Dear Inspiration Seekers,
I am, once again, running behind my father’s Sunday School lessons by a couple of weeks. Other events have taken precedence for the last few weeks. I chose to address those timely issues, and to delay this series of inspirations on Paul’s letter to the Galatians. I initially wondered what more I could write about the concept of grace and the law, as Paul covered these extensively in the letter to the Romans. If anything, Galatians is Romans abridged. But, I like a challenge. Check me, if I repeat myself. On the other hand, part of why we reiterate themes in books, commentaries, opinion pieces and blogs is that we often do not get the message the first, second, or third time. Otherwise, all sermons would be variations on past themes… Well, maybe that is the relevance to that process.
Paul dives right into Galatians asserting his authority for writing, preaching, and guiding the new churches: he was not sent from men nor by man. He is not representing some governing board, theological congress, or legal body. His authority come from Christ and God. His phrasing also brings up the image of his conversion, not by the witness of Christians by the revelation of Christ confronting him on the road to Damascus (Acts 9). As men did not bring Paul (then Saul) to Christ, neither does Paul write to the Galatians by human authority, but by divine revelation. As discussed in Romans, God acts not by the law, but by grace.
Yet, Paul establishes his motivation for writing and dilemma that the Galatian church faces after the brief introduction. How quickly some of the leaders of the church have discarded the gospel of grace and reverted back to adherence to the law. I have reservations about both following people who claim authority by revelation or by established rules, without scrutiny of both.
In our not-so-distance history in the USA, various ministers and movements have claimed revelational authority. The 18th century Great Awakening and 19th century 2nd Great Awakening, Joseph Smith’s communications with the angle Moroni, Mary Baker Eddy’s attempts to make Christianity science, the Pentacostal churches, and various recent Evangelical leaders such as Jerry Farwell and Pat Buchanan all claim their direct connection to God. At the same time, many of these movements call upon the authority of some text, ancient or new, which they claim we must obey. These quickly add up to a law library of rules, proposed as the correct way to govern behavior.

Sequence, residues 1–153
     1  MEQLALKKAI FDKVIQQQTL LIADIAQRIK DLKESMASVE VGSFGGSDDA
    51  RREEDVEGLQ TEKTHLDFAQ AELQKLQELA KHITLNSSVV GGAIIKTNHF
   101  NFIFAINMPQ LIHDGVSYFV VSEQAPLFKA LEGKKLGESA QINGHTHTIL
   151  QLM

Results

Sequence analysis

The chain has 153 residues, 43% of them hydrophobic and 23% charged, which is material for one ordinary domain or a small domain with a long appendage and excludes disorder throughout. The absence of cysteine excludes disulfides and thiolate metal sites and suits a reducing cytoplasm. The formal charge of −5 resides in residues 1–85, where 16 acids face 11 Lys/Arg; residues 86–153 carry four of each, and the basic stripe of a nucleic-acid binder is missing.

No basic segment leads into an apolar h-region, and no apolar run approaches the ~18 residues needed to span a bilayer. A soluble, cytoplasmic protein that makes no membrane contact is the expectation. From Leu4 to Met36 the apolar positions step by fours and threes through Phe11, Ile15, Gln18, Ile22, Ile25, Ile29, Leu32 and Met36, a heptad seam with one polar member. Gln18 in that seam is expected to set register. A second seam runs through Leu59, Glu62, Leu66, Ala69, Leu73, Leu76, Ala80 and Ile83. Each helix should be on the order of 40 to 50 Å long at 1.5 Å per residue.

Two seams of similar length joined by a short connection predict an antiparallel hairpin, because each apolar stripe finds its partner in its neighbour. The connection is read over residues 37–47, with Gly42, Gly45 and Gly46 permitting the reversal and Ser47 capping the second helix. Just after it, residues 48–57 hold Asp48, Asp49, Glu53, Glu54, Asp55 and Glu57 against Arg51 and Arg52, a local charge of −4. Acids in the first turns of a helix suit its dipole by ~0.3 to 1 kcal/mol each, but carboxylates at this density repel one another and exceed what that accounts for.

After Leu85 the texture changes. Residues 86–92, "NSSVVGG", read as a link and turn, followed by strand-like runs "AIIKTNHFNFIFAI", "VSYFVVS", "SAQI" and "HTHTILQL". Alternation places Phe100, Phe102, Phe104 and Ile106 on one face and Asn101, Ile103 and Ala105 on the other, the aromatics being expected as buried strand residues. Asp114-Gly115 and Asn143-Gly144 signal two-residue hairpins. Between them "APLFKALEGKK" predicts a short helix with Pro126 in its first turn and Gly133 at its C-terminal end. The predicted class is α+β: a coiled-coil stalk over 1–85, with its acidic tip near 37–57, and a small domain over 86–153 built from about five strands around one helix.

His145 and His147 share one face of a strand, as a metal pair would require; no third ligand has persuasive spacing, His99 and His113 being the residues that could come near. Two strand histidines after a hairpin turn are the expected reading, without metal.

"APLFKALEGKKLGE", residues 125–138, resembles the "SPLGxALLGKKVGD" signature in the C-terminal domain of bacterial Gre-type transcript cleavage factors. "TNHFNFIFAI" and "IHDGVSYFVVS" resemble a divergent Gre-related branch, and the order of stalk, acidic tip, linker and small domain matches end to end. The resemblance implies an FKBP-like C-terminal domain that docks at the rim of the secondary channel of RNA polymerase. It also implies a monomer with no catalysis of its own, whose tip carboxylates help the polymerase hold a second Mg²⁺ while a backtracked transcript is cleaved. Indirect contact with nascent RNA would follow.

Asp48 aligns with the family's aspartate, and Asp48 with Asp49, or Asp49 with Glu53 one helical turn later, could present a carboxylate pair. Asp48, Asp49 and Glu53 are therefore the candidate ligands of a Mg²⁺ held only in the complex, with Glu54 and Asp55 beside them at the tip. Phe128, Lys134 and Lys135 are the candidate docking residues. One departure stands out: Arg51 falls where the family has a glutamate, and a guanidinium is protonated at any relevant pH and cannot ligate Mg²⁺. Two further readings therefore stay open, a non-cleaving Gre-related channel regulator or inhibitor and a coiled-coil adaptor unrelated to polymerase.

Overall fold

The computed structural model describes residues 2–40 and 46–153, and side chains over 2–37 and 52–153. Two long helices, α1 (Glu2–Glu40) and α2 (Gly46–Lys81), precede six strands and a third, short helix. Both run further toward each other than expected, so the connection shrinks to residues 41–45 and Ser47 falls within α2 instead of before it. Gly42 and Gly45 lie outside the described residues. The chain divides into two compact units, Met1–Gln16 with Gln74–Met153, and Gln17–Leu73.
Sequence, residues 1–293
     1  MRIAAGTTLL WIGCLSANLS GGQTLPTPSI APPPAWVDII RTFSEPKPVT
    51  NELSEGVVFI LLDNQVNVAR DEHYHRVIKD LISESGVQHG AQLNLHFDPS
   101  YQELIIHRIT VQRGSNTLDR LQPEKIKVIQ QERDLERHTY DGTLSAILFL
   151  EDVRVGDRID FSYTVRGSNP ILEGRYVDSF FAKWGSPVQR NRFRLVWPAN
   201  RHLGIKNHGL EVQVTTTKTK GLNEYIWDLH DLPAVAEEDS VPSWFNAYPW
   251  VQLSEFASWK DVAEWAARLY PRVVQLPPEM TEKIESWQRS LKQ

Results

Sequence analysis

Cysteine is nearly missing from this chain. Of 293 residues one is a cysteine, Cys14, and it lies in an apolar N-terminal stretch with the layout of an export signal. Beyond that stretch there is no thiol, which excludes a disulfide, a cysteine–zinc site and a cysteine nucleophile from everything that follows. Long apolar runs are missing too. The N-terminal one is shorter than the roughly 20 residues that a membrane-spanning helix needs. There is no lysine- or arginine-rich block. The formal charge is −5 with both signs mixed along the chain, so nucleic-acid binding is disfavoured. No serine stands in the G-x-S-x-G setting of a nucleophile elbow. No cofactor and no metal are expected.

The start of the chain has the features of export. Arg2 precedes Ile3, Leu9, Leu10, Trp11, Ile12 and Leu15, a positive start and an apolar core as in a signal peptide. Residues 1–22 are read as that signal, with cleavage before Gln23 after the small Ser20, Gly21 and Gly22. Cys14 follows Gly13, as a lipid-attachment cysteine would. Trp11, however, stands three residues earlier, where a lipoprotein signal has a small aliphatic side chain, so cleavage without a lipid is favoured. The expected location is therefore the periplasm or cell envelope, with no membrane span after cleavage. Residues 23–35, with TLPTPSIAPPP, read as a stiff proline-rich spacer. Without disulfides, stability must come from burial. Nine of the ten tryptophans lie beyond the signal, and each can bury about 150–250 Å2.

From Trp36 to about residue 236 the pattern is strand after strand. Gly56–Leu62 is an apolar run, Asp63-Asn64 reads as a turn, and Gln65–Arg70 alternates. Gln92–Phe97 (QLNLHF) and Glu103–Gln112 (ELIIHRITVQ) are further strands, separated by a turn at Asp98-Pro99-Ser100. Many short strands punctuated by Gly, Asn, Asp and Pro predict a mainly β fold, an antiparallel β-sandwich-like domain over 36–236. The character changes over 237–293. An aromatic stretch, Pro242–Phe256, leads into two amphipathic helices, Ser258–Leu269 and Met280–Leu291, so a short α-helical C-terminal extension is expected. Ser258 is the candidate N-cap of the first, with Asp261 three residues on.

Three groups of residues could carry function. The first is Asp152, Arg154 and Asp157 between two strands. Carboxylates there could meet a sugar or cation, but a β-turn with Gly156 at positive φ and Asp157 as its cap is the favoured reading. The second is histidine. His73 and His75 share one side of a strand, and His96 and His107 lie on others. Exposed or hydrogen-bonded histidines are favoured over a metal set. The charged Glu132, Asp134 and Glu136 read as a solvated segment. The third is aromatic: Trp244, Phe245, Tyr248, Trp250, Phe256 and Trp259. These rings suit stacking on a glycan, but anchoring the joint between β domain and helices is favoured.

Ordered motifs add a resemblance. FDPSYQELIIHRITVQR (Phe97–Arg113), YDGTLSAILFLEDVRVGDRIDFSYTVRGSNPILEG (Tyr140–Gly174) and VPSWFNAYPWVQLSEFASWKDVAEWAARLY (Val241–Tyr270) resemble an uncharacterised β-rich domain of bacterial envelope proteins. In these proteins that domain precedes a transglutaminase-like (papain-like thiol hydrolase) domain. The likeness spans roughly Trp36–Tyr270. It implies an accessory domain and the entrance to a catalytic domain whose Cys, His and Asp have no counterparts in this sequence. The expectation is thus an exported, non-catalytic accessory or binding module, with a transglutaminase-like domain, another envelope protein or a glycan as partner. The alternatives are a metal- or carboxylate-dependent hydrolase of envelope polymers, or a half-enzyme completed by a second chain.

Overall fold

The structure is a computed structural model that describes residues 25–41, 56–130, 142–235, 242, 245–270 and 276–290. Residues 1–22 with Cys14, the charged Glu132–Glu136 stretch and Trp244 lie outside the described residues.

Lost between sketchy claims of divine revelation and rigid rules is the gospel of grace to restore our relationship with the divine and with each other.
Until next time, Inspiration Seekers
Love your insight and fluid thinking and ability to put it into print. I have a few excuses for not getting around to reading your ‘Thoughts on Romans”….like I went fly fishing….maybe I can keep up with Galatians and occasionally adding my thoughts. (P.S.: Is the AD at the end supposed to be there or is it having a “free ride”?)
I think that the advertisements are a WordPress “revelation” to readers… 🙂
When life has been lived in bondage, it is often difficult to appreciate and live in freedom. The Israelites often complained to Moses after they were led out of captivity that they would have been better off being slaves. We find it odd that a battered wife refuses to press charges and returns to a home filled with violence. Perhaps there is such a thing as “battered parishioner syndrome” in which we prefer the certainty of rules over the freedom of grace. Rather than living in freedom we establish rules to determine right and wrong versus living for good and rejecting evil.
For leaders wielding power, grace is difficult to manage, resulting in chaos within the congregation. So they default to rules with which they seek to keep others in their place. A greater emphasis is placed on doing the right thing, rather than being freed up by Jesus to be good.
The Pharisees questioned wether it was right to heal on the sabbath (the right thing). Jesus said anytime is the right time to do the good thing. Legalism lives by the law and places “right” above “good”. Grace lives in freedom and actively seeks what is good. Paul had lived under the law as a Pharisees so he was speaking out of his own personal experience, both in bondage to the law and freedom in Jesus. I imagine that this was why he was so passionate about the churches in Galatia not reverting back to what they understood through experience. When we divert from the gospel, our trajectory is off. This may be a small matter at first, but it can ultimately result in inquisitions and witch hunts in the name of “right” and at the expense of “good”.
Ephesians 2:10 For we are God’s workmanship created new in Christ Jesus to do good works, which God prepared in advance for us to do.
Could it be that we were created new in Christ to do good, not to be right?
Goodness-gracious, Right on, Brother 🙂